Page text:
Land invasions, insecure property rights and production decisions.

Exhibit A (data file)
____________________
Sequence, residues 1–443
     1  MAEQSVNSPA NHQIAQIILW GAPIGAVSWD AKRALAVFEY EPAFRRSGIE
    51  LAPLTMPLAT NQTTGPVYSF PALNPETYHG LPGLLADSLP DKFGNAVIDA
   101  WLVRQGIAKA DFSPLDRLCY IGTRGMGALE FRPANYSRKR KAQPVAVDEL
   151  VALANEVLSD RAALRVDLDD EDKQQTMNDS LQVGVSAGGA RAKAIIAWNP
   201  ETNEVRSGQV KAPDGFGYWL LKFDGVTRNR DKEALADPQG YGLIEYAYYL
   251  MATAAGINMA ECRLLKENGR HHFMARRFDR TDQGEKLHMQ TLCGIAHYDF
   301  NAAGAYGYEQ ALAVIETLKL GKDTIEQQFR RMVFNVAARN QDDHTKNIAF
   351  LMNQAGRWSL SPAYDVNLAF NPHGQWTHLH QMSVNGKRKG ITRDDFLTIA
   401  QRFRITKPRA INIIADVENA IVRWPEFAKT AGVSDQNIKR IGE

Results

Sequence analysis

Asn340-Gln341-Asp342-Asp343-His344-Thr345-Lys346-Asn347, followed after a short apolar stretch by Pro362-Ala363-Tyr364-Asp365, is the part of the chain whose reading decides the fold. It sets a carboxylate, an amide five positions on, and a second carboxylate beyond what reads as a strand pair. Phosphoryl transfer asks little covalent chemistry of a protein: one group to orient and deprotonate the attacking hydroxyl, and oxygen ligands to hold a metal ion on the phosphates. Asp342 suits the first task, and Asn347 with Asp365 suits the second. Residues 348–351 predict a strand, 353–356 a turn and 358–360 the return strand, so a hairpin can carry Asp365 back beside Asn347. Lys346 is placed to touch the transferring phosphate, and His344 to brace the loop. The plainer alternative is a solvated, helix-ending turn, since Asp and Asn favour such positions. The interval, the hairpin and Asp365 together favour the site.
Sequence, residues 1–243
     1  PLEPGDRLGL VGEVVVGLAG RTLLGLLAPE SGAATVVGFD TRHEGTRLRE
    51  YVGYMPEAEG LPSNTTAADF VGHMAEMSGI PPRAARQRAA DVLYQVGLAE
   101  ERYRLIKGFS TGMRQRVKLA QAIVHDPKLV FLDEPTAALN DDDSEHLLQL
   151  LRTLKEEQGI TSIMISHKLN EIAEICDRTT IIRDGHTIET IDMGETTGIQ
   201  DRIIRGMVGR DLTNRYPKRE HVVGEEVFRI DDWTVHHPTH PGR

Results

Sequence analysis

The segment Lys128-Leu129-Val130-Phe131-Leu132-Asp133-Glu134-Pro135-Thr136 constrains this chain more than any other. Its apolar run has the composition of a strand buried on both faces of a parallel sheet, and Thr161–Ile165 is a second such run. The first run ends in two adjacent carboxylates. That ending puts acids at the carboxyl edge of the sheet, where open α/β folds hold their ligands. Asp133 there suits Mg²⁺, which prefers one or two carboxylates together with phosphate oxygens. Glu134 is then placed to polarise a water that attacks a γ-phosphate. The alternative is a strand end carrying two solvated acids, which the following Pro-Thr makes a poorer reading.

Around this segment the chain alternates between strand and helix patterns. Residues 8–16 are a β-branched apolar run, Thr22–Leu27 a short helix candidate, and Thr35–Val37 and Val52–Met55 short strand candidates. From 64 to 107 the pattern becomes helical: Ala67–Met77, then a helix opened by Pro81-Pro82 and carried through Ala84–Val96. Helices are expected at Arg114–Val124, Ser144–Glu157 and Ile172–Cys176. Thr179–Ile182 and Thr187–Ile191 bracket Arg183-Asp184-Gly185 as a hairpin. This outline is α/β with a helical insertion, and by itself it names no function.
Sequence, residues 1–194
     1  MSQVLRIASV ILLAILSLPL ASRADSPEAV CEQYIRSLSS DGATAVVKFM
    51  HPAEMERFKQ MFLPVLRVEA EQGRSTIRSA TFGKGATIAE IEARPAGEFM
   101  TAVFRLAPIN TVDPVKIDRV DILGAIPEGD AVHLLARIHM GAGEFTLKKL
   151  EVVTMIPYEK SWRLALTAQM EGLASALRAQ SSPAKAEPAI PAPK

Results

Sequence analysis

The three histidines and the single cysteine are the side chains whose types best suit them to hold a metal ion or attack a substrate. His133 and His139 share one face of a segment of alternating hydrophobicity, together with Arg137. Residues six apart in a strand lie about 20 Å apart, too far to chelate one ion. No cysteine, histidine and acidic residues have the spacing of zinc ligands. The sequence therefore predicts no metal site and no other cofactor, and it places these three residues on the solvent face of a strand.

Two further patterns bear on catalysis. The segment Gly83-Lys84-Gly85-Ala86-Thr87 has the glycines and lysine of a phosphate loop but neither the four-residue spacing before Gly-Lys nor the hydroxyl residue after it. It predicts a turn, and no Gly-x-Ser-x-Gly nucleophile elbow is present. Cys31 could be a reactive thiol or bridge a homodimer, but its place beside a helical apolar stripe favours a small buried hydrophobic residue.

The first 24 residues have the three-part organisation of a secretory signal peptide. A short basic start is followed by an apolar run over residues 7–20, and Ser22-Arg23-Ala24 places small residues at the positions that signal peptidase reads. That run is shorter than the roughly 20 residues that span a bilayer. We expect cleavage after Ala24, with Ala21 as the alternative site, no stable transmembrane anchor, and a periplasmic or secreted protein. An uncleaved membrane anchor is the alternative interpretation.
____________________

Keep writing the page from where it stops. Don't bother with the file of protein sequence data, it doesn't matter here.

This paper investigates empirically the effect of land invasions on farm production decisions. The main hypothesis is that more invasions in a region are associated with lower investment, and in particular a bias towards annual crops as opposed to long-term crops. We use a county-level dataset for the state of Paraná, Brazil, from 2003 to 2007, with 1,995 observations. The panel data structure allows us to control for fixed effects, such as the formalisation of land titles and land concentration, which might be correlated with the intensity of invasions. An instrumental variable fixed effects model was estimated to avoid other sources of bias. Our main finding is that land invasions are associated with lower long-term crop production and a higher percentage of annual crops, which could accelerate land degradation, and undermine environmental sustainability.